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STOP Foodborne Illness

April 2, 2019

Spring cleaning? Be sure to give your kitchen a food safe makeover, too!
Adopt food safety practices to avoid foodborne illness

 

Spring time is cleaning time! So, while you’re using that pent-up elbow grease to get rid of wintertime dust and debris, make sure your kitchen is food safe, too. From sponges to drawer handles to the refrigerator, the kitchen is the one room in the house most likely to be bacteria-tainted. Food is more easily cross-contaminated when everything in its path is covered in bacteria.

 

So, as you’re clearing out the clutter from the neglected places like cabinets and shelves, do not forget the everyday places around the kitchen, like counters and sinks, which can be bacteria breeding grounds hiding in plain sight.
 
"There are so many food safety-related things that people don’t often consider, such as handling raw chicken and then grabbing the spice bottle—with unwashed hands—to season it, and then putting the seasoning back in the cabinet. Spring is a good time to review your food safety practices and incorporate some new healthy habits into your daily routine," says Deirdre Schlunegger, CEO of Stop Foodborne Illness, a national, nonprofit, public health organization dedicated to preventing illness and death from foodborne pathogens.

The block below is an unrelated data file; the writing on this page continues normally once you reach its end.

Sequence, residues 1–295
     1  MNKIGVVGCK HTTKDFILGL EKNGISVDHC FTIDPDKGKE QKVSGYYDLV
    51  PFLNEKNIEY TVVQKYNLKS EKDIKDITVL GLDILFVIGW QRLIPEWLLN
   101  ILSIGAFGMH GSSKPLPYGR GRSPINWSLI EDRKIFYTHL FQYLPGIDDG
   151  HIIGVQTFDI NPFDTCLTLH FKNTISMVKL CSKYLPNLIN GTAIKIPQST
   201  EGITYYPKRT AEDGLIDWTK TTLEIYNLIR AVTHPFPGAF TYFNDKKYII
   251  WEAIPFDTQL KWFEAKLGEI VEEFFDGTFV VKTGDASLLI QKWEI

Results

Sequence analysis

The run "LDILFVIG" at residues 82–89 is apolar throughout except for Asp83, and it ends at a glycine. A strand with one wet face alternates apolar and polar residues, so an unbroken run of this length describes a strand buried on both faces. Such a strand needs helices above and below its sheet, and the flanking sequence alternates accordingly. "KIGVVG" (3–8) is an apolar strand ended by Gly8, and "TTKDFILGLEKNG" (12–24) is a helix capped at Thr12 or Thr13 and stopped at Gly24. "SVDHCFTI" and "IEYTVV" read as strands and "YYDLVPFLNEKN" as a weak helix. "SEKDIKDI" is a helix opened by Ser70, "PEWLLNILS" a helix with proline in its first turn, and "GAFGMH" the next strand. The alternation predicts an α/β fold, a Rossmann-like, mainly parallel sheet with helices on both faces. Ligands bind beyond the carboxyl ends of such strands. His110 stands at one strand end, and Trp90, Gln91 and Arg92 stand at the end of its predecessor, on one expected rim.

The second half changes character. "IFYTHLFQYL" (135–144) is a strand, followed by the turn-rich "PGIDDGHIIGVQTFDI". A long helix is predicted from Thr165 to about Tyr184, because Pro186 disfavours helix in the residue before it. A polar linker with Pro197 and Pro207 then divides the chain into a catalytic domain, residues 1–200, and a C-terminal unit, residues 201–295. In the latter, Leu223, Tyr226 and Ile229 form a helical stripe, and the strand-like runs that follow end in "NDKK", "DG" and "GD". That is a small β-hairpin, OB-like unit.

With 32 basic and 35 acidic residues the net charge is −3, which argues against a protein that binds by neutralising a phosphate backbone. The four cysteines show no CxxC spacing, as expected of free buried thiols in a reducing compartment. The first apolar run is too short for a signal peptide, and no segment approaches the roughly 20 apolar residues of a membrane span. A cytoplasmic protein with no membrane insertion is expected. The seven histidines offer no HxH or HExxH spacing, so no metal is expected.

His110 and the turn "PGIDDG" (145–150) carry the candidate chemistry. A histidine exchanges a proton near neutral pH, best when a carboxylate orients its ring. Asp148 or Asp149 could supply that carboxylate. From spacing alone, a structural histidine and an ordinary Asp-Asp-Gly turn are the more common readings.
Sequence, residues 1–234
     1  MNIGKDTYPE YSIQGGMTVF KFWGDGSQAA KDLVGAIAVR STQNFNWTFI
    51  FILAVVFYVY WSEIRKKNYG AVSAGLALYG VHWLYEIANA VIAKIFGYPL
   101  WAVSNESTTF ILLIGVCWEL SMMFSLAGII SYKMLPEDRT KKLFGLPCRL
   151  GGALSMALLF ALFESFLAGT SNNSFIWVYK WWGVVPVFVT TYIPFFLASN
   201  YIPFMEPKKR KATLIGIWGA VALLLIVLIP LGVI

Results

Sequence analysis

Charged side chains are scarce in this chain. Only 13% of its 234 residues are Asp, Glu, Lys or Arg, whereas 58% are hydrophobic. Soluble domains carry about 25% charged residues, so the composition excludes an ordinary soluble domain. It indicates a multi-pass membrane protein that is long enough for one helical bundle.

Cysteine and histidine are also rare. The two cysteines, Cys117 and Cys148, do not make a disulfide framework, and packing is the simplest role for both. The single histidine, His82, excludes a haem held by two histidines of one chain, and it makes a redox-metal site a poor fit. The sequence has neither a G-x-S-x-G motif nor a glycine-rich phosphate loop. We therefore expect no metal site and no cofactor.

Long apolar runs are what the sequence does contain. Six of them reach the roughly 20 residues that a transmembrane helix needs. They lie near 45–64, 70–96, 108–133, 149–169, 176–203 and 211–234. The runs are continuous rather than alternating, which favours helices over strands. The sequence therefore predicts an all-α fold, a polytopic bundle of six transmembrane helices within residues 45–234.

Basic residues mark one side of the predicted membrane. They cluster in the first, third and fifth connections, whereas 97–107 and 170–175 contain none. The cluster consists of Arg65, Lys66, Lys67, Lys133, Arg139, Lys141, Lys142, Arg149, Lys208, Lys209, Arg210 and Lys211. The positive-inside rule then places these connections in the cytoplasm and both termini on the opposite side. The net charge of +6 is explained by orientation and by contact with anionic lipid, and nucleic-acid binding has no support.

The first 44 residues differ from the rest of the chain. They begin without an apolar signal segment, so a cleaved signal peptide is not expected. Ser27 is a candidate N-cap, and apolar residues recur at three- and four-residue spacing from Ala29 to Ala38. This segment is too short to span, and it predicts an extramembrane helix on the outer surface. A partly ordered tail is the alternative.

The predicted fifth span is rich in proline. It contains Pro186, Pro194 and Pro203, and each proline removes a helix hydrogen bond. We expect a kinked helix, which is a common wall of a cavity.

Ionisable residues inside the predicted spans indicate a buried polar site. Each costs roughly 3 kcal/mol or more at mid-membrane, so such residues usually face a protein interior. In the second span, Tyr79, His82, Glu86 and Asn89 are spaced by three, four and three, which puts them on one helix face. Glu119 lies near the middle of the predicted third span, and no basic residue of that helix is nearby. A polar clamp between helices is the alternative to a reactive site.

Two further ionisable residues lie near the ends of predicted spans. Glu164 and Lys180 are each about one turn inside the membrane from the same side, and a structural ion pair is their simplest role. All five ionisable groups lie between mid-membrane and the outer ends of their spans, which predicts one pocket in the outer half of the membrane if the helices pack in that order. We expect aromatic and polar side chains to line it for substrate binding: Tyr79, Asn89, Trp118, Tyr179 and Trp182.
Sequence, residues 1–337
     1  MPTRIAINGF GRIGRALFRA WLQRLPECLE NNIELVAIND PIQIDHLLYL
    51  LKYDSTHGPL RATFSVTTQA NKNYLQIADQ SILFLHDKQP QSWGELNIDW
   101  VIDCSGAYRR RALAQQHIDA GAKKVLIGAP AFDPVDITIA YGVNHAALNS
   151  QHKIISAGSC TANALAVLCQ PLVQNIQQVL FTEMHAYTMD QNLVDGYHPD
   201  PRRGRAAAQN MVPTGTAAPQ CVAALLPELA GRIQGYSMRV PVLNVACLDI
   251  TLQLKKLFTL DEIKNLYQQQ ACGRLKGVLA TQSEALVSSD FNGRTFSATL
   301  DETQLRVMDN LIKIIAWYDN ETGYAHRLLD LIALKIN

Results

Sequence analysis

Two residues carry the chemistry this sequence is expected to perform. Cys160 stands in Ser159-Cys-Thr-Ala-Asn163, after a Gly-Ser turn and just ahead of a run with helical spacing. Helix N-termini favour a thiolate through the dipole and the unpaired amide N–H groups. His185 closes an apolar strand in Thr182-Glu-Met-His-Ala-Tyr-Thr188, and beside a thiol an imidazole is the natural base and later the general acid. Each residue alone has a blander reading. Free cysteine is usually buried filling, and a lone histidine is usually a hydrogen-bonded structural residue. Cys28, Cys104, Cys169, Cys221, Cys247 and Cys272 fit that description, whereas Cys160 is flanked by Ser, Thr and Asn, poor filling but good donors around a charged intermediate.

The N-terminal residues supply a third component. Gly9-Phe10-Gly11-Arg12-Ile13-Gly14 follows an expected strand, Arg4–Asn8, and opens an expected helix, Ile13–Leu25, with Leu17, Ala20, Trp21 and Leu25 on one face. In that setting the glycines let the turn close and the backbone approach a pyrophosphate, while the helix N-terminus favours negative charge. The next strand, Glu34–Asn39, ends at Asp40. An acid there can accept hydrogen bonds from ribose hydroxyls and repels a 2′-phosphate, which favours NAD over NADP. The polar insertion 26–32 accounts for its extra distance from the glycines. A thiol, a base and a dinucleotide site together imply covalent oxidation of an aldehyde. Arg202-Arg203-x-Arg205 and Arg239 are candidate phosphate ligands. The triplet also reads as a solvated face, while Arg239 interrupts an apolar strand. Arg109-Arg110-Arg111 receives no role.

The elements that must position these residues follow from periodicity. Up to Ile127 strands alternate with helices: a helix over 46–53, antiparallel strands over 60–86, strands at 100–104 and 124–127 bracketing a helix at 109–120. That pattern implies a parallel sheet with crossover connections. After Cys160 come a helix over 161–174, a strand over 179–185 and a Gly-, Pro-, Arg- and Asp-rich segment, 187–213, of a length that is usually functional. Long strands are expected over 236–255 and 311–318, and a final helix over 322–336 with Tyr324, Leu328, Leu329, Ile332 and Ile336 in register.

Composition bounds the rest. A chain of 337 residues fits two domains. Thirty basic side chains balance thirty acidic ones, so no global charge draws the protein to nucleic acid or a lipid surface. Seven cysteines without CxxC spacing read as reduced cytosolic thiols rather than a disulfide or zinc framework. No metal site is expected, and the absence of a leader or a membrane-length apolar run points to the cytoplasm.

Sponges and dishrags: If they’re used for cleaning why aren’t they clean?
You would think that sponges and dishrags would be some of the cleanest items in your house, because they are used with cleaning and disinfecting agents. But think again. Public health and safety firm NSF International found that 72 percent of sponges and dishrags were contaminated with bacteria which can cause food poisoning, making them the germiest thi